Malclom Jackson

Several weeks back, at a GTRA Council Meeting, I heard my former CIO at EPA, Malclom Jackson, talk about “Developing a Secure Mobile-First Culture – the EPA’s Story.”

Among other points, he announced an “aggressive and accelerated procurement for new EPA collaboration tools”: one month to advertise, one month to decide, and four months to implement, so it is ready by November. Malcolm deserves credit on a number of fronts for pushing these ideas forward and quickly.

But it also reminded of a point about government that I experienced many times during my 30-plus years of government service at EPA: namely, senior managers in government repeat work that has been done in the past either because they do not know about it or choose to ignore it and start from scratch again.

I asked him if he was also working on the two functions that I had found important in my experience with doing this, provisioning content and dealing with limited bandwidth, and he said they were.

But I know from my experience at EPA that those two things are not going to happen in a short period of time. It took me three years to prepare EPA’s best content in a collaboration tool that supports limited bandwidth use on both desktop and mobile devices.

In my government experience, the 90-9-1 rule applies… only 1% will really use (new tools) and be doers and evangelists.”

I would have also felt better about what Jackson announced if he had mentioned it supported and followed the standards outlined by Federal CIO Steve VanRoekel in his Building a Digital Government Strategy.

One can do these things from the top down: That is, respond to the need for collaboration tools for an agency that work on mobile devices, procure them and hope that the employees put their content in them.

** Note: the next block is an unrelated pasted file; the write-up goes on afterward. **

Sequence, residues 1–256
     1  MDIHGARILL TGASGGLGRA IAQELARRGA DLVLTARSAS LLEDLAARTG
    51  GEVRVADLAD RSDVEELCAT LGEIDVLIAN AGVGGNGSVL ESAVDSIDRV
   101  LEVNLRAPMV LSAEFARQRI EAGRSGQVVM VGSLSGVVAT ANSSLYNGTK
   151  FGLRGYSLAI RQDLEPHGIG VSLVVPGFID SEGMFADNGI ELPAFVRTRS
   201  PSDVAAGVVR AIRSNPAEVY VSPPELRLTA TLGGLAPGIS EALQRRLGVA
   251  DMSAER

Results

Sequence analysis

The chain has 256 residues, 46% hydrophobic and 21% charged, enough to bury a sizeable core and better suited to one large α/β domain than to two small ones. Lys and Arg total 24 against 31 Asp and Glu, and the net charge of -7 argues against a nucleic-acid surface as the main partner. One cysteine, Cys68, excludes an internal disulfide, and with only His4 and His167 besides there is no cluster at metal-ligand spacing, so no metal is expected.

Or one can work from the bottom up: Use what employees are already using to put their content in to collaborate with others and see if those tools will scale up and federate.

We have all seen organizations procure yet another set of collaboration tools, only to then have a massive migration problem with legacy content and users still continue to use their tools of choice. For example, mobile has evolved from “This is the only tool we offer” (e.g. BlackBerry) to now Bring Your Own Device (BYOD) (e.g. iPhones, iPads, etc.)

So what should Malcolm and others in his situation do?

First, I would go around asking and looking for what has already been done and ask the real productive people at EPA, who are collaborating with others inside and outside the agency, what they are using (at EPA or outside of EPA) or would use if they had permission, and encourage others at EPA to try those pockets of excellence first.

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